Understanding Linsanity: 'He Makes Us All a Little More Free to Dream'

Why are fans so taken with the Knicks' new superstar point guard?

roundtable_jeremylin_post.jpg

AP Images

Every week, our panel of sports fans discusses a topic of the moment. For today's conversation, Jake Simpson (writer, The Atlantic), Patrick Hruby (writer, ESPN and The Atlantic), and Hampton Stevens (writer, ESPN and The Atlantic) talk about the forces behind Jeremy Lin mania.


Hey, guys,

What do you get when you cross New York basketball, Harvard, Asian-American culture, the Internet, and a point guard who's overcome more obstacles than Rudy and made a more improbable run than Tim Tebow? You get a little LIN-sane in the membrane.

I'm speaking, of course, of Jeremy Lin, the Knicks' guard who has become national news after a six-game stretch that defies rational thought. Six games of 35-plus minutes, six wins, five starts, a 38-point masterpiece against the Lakers, a game-winning free throw against the Timberwolves, and a game-winning three-pointer with half a second left on Tuesday against the Raptors. Not to mention a cultural tidal wave that has gripped New York—to the point where the guy at my local deli can talk about nothing else.

What fascinates me most about Lin is that there are so many explanations for the Linsanity sweeping the nation. First Harvard grad to play in the NBA since 1954. Only Asian-American currently in the league. Point guard for a Knicks franchise that hasn't won it all since 1973 and a fan base desperate for something to get excited about. But to me, it seems like the real impetus for Linsanity is that the kid is the American Dream personified. Undrafted and cut by two different teams in the last two months, Lin has persevered, and when he was finally a shot he made the most of it and then some. That, not his race or alma mater, is what fans are relating to.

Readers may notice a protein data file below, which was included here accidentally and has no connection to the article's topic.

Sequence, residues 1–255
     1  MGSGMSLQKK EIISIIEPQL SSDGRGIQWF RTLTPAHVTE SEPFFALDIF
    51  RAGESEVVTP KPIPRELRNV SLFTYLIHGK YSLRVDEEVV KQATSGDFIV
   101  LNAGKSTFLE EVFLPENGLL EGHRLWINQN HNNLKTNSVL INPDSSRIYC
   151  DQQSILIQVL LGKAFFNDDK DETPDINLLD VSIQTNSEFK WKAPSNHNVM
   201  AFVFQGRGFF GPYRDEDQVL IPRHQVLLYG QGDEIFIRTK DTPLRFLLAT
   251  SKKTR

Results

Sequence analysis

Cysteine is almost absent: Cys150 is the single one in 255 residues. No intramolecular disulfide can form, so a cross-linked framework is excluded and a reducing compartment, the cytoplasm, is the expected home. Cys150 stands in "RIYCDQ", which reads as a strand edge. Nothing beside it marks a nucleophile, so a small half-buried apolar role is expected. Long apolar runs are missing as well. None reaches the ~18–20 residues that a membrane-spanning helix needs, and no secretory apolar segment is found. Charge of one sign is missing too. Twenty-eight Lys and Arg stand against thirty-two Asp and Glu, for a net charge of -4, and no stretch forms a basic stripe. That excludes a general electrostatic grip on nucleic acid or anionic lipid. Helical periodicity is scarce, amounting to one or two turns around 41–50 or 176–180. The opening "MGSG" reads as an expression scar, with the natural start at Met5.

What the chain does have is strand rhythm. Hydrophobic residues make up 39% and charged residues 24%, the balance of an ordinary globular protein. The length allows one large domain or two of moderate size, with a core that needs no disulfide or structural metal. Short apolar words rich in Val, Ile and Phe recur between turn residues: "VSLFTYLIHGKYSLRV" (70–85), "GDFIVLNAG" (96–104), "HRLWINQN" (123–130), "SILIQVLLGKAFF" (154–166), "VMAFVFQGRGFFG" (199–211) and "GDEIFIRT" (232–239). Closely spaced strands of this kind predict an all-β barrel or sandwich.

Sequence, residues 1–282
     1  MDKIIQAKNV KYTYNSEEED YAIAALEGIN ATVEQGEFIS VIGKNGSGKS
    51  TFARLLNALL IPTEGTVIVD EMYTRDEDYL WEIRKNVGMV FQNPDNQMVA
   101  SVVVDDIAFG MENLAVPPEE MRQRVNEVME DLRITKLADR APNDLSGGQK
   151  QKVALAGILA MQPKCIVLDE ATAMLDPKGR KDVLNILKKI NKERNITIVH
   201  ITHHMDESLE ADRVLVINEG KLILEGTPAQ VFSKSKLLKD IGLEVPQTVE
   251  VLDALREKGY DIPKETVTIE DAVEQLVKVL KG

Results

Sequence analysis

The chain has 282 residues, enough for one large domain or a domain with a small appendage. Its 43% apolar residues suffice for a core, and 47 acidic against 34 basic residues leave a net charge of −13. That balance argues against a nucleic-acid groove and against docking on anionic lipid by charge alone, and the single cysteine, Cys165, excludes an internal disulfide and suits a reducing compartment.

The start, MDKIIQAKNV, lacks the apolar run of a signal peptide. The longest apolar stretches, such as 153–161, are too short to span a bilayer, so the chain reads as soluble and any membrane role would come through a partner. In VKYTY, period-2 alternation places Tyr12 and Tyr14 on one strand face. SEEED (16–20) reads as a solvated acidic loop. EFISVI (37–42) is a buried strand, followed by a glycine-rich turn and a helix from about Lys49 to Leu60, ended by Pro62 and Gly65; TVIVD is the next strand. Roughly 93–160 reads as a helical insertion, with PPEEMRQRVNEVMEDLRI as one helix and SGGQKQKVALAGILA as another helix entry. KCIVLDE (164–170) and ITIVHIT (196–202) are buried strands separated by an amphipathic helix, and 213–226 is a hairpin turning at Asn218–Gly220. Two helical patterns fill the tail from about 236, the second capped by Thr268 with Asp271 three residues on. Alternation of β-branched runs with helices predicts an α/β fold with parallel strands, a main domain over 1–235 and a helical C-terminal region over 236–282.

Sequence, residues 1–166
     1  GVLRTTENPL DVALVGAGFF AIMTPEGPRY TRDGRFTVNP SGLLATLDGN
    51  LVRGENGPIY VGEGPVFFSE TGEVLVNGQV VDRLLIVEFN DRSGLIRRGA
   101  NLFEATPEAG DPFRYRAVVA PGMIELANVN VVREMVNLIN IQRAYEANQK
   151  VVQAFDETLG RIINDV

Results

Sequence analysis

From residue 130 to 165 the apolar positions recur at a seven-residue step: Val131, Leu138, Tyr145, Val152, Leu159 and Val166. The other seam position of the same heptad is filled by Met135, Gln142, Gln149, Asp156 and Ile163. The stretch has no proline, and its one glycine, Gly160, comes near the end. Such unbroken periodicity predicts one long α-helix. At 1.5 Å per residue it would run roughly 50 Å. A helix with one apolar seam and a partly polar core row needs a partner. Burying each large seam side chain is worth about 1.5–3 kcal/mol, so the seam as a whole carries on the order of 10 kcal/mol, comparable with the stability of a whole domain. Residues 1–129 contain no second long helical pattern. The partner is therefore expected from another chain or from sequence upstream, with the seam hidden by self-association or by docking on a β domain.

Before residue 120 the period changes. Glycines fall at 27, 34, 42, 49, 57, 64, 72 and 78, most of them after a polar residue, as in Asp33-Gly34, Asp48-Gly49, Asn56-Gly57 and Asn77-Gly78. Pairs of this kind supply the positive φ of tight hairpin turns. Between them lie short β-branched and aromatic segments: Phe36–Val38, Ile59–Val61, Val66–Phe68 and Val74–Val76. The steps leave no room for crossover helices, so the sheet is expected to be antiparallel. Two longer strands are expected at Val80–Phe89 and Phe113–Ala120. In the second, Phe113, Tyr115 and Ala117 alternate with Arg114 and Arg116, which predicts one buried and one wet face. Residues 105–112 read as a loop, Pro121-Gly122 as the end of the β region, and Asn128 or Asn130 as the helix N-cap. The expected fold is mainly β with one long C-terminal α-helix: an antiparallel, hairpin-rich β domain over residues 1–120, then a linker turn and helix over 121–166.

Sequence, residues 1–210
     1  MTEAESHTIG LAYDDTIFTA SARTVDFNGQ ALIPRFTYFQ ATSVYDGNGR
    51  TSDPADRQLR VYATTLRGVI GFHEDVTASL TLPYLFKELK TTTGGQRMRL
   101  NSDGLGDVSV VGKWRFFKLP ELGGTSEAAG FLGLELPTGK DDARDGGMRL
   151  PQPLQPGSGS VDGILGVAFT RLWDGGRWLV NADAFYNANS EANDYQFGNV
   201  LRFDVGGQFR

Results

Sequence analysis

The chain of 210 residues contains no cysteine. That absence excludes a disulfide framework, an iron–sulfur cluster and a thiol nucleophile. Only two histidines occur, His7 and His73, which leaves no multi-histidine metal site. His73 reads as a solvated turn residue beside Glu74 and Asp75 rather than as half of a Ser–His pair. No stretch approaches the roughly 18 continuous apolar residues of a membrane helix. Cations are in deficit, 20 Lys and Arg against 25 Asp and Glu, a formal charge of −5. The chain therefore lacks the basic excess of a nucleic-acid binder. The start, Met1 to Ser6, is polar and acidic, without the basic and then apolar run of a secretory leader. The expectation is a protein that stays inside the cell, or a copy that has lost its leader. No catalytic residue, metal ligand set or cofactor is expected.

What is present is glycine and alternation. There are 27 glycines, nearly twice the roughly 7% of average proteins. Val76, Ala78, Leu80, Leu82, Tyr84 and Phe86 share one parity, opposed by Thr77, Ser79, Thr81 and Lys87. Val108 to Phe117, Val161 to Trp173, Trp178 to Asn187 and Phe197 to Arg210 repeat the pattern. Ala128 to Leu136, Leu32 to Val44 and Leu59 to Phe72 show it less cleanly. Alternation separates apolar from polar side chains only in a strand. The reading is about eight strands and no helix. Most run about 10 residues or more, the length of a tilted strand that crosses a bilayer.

You agree, Patrick/Hampton? Or do you spy another cause of Linsanity?

–Jake

Presented by

Sports Roundtable

Patrick Hruby, Jake Simpson, and Hampton Stevens 

The Blacksmith: A Short Film About Art Forged From Metal

"I'm exploiting the maximum of what you can ask a piece of metal to do."

Join the Discussion

After you comment, click Post. If you’re not already logged in you will be asked to log in or register.

blog comments powered by Disqus

Video

Riding Unicycles in a Cave

"If you fall down and break your leg, there's no way out."

Video

Carrot: A Pitch-Perfect Satire of Tech

"It's not just a vegetable. It's what a vegetable should be."

Video

An Ingenious 360-Degree Time-Lapse

Watch the world become a cartoonishly small playground

Video

The Benefits of Living Alone on a Mountain

"You really have to love solitary time by yourself."

Video

The Rise of the Cat Tattoo

How a Brooklyn tattoo artist popularized the "cattoo"

More in Entertainment

Just In